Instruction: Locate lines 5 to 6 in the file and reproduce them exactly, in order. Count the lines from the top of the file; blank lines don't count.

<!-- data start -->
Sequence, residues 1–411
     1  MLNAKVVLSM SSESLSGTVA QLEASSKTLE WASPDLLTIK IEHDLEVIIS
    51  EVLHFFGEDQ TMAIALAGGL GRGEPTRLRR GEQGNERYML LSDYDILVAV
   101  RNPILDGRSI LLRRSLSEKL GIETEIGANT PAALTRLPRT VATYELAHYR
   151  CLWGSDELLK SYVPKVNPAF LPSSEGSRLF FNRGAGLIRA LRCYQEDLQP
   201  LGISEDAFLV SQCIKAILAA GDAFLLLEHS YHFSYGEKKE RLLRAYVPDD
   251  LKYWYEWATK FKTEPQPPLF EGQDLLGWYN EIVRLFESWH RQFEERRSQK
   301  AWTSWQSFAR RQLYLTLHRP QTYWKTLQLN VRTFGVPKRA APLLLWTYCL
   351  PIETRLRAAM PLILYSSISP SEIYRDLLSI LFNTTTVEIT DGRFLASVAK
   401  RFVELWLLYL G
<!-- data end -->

   151  CLWGSDELLK SYVPKVNPAF LPSSEGSRLF FNRGAGLIRA LRCYQEDLQP
   201  LGISEDAFLV SQCIKAILAA GDAFLLLEHS YHFSYGEKKE RLLRAYVPDD